How stress affects your physical and mental health

If you’re feeling stressed out, you’re not alone.  More than a quarter of all Americans report that on most days, they’re so stressed out they can’t function, according to a 2022 survey by the American Psychological Association.1  

It’s a deeply concerning statistic. “Since the COVID-19 pandemic, I’ve found that patients are experiencing levels of stress like almost never before,” says James Jackson, Psy.D, a psychologist and professor of medicine at Vanderbilt Medical Center in Nashville, Tennessee.

Over time, stress can take a toll on your whole body. Here’s a closer look at what stress is, how it impacts your body and mind, and what you can do that may help reduce its effects on your health.

What exactly is stress?

Stress is a state of worry that is caused by a difficult situation, according to the World Health Organization.2 It’s a natural human response that encourages people to address challenges and threats. When it happens occasionally, it’s known as acute stress. When you feel that way all the time, it’s called chronic stress.3

Stress happens when something you experience or observe is more than your mind can handle, explains Bruce Rabin, M.D., Ph.D., a stress management expert and professor emeritus of pathology at the University of Pittsburgh.

“When your mind can’t cope with stress, certain areas of your brain become activated, and the stress hormones in your blood increase,” he says. Two of the main stress hormones are adrenaline and cortisol.3 Both can make you feel agitated.

It’s important to realize that while everyone experiences stress, the way we respond to it can make a big difference in our overall well-being.

What symptoms should I watch for?

There are many symptoms of stress. They can be physical, mental or emotional, notes Dr. Jackson. Some of the most common signs include:4

  • Headaches
  • Tiredness, trouble sleeping or sleeping too much
  • Upset stomach
  • Weight loss or gain
  • Lack of energy or focus

“These symptoms are never good, but they are especially concerning when they become chronic,” says Dr. Jackson.

How is stress diagnosed?

There isn’t a test to diagnose stress, Dr. Jackson explains. But there are questions your doctor can ask you to diagnose mental health conditions that may be worsened by stress, such as anxiety and depression.

There are also tests to identify the presence of stress-related medical conditions such as heart disease.

How does long-term stress impact the body?

Chronic stress can lead to serious health problems, changing the way your body works. Stress hormones can:3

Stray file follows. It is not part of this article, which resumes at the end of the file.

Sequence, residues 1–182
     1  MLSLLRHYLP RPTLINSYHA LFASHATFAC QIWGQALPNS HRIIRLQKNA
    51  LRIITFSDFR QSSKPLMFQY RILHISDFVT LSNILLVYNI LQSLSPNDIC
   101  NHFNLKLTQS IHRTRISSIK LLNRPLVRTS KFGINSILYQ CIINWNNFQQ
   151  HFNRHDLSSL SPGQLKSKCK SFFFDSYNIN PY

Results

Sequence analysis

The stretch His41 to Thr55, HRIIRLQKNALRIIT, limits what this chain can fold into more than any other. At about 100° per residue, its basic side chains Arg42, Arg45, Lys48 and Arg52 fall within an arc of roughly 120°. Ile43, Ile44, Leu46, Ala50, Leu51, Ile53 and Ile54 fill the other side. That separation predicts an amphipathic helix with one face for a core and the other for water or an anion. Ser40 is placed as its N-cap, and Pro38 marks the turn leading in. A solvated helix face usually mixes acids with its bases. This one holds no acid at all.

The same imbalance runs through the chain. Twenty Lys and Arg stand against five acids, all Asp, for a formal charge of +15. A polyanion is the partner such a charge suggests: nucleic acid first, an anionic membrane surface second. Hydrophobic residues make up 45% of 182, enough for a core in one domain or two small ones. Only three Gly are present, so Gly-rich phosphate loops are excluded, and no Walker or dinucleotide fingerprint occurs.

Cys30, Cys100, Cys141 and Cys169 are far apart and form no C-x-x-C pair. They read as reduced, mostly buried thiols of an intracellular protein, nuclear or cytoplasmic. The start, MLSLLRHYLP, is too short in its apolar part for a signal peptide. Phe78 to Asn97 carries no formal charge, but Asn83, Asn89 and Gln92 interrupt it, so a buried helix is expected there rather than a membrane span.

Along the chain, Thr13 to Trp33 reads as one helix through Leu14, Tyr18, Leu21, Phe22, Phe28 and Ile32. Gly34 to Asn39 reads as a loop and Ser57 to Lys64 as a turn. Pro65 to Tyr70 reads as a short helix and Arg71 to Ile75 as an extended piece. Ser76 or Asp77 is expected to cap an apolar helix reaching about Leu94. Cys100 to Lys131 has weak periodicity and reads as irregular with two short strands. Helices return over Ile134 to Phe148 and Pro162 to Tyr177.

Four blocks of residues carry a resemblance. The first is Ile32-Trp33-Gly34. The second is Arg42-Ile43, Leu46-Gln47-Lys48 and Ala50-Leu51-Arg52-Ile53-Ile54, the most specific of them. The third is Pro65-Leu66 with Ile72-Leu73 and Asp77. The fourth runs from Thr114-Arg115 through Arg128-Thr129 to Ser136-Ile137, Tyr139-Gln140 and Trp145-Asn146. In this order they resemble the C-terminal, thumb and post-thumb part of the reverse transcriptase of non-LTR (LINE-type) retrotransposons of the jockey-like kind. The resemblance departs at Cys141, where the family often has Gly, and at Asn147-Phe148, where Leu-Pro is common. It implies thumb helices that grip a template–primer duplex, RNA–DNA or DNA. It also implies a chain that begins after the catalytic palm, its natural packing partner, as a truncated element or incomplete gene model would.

• Raise blood pressure. “Stress hormones cause blood pressure to increase by making blood vessels smaller so that blood is squeezed into a smaller space,” says Dr. Rabin.
  • Increase the risk of heart disease. When your body is flooded with stress hormones, the blood vessels of the heart can narrow, reducing blood flow to the heart muscle. Blood platelets may also stick together and form vessel-clogging clumps that can lead to a heart attack. 
  • Cause diabetes. Stress hormones increase the risk of blood sugar problems and, by interfering with the ability to think clearly. It can affect decision-making around food choices, explains Dr. Rabin.
  • Weaken your immune system. You may be more likely to catch viral infectious diseases and it may make it harder for wounds to heal.

Does worrying affect my brain too?

It absolutely does. Feeling overwhelmed all the time doesn’t help you think clearly. Here are some brain issues that are related to chronic stress:

  • Depression. Stress hormones change the way your brain cells function in the part of the brain that is associated with depression, explains Dr. Rabin.
  • Cognition. Research shows that people with high levels of stress had a decline in cognitive function. Those are the mental processes involved in perception, learning, memory, reasoning and more.5
  • Pain. "Elevated stress hormones increase your perception of pain. Aches and pains will hurt more,” says Dr. Rabin. “When stress hormones are low, pain hurts less.”

How can I help manage and prevent stress?

Whether you are stressed out often or only occasionally, Dr. Rabin suggests calming yourself with deep breathing to increase the amount of oxygen in your blood. That will lower the concentration of stress hormones. Try not to take more than 3 to 5 deep breaths in a row or it can make you feel dizzy. If you still need to calm down, wait 15 minutes and do it again. 

It also helps to try deep breathing when you’re feeling relaxed and happy. “This will train your mind to associate the technique with feeling good,” says Dr. Rabin. 

Here are some other ways to manage stress2

  • Stick to a routine 
  • Maintain good sleep habits 
  • Stay connected with others 
  • Eat a balanced diet
  • Move your body

“If stress interferes with day-to-day functioning and makes it hard to work, or it’s affecting relationships, reach out to a therapist or counselor,” says Dr. Jackson.

Already a member?

Sign in or register on your plan website to see personalized benefit details and resources to help you manage your plan and health.